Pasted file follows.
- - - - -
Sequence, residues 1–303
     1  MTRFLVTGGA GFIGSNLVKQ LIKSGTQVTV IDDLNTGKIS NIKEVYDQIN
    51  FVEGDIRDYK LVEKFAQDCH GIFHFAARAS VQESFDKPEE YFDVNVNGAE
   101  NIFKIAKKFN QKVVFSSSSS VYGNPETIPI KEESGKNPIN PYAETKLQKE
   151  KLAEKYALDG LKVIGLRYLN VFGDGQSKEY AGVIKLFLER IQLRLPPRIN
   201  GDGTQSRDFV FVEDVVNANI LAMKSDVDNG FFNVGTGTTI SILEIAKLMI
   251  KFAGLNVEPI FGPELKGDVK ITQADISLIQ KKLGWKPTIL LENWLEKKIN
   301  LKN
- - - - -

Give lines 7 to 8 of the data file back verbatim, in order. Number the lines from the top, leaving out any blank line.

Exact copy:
   251  KFAGLNVEPI FGPELKGDVK ITQADISLIQ KKLGWKPTIL LENWLEKKIN
   301  LKN